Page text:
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Posted on July 27th, 2012, by

The development of criminology was accompanied by the emergence of various theories, which targeted at the interpretation of cause and essence of crime as well as effective measures of its prevention. At the same time, the development of various theories contributed to the formation of different views of crime, its causes and measures of prevention. The difference was so significant that some theories may be viewed as antagonistic. In this respect, it is possible to refer to the left and right realism theories, which have absolutely different theoretical ground and their key concepts oppose to each other. On the other hand, the diversity of theoretical views of crime contributed to the better understanding of its causes, effects and measures which could be undertaken to prevent the growth of crime rate. The latter is particularly important in the contemporary world, when the development of human society has reached an unprecedentedly high level, but the problem of crime still persists. Moreover, such crimes as street crime become even more serious problem than they have ever been before. At this point it is important to underline the growing disparity between the efforts of the state to establish a strict control over the firearm ownership and use, on the one hand, and the large number of street crimes, which involve firearms and expose ordinary citizens to a serious risk to their life and health.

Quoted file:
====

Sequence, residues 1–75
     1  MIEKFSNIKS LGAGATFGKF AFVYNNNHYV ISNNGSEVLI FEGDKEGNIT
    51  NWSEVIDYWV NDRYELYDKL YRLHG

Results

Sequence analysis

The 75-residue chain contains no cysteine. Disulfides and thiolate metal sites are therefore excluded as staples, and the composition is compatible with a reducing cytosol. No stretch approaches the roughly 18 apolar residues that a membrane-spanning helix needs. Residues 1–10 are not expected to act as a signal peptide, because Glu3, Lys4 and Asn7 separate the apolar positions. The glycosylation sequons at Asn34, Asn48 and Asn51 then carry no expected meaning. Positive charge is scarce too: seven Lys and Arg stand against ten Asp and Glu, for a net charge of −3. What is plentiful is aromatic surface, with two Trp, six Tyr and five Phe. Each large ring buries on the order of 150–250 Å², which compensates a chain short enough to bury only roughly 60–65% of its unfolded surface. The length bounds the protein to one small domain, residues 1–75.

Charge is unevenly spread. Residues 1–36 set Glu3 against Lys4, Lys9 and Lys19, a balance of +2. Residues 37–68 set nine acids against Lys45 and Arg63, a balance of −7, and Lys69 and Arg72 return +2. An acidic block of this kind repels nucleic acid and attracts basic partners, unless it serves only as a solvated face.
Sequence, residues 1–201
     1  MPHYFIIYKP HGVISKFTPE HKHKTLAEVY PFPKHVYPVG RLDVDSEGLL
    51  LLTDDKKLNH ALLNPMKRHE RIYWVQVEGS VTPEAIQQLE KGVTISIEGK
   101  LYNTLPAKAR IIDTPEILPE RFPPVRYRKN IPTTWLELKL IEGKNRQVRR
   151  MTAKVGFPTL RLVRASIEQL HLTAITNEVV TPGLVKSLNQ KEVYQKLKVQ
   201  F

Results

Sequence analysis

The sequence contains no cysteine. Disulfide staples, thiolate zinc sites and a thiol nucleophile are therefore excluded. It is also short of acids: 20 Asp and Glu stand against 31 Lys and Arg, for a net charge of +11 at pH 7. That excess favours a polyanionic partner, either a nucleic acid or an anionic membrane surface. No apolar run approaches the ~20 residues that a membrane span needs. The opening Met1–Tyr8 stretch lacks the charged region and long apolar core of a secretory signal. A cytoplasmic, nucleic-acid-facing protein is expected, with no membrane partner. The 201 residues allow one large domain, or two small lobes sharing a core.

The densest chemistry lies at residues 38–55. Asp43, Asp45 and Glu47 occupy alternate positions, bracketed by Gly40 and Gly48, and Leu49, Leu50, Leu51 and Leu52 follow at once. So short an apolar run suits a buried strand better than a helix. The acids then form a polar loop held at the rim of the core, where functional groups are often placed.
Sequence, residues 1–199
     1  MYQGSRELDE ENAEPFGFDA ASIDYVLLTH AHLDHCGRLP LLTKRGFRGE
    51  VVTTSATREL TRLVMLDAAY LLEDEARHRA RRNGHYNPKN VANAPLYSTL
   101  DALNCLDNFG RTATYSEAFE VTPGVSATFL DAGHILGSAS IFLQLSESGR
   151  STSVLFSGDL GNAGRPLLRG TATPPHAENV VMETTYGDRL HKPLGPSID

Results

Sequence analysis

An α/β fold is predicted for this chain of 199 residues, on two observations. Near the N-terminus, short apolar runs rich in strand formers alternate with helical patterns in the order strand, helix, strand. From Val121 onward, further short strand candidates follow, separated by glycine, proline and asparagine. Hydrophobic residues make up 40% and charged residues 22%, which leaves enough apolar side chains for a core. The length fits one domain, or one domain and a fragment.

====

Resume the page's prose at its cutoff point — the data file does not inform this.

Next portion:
Street crime and cultural theory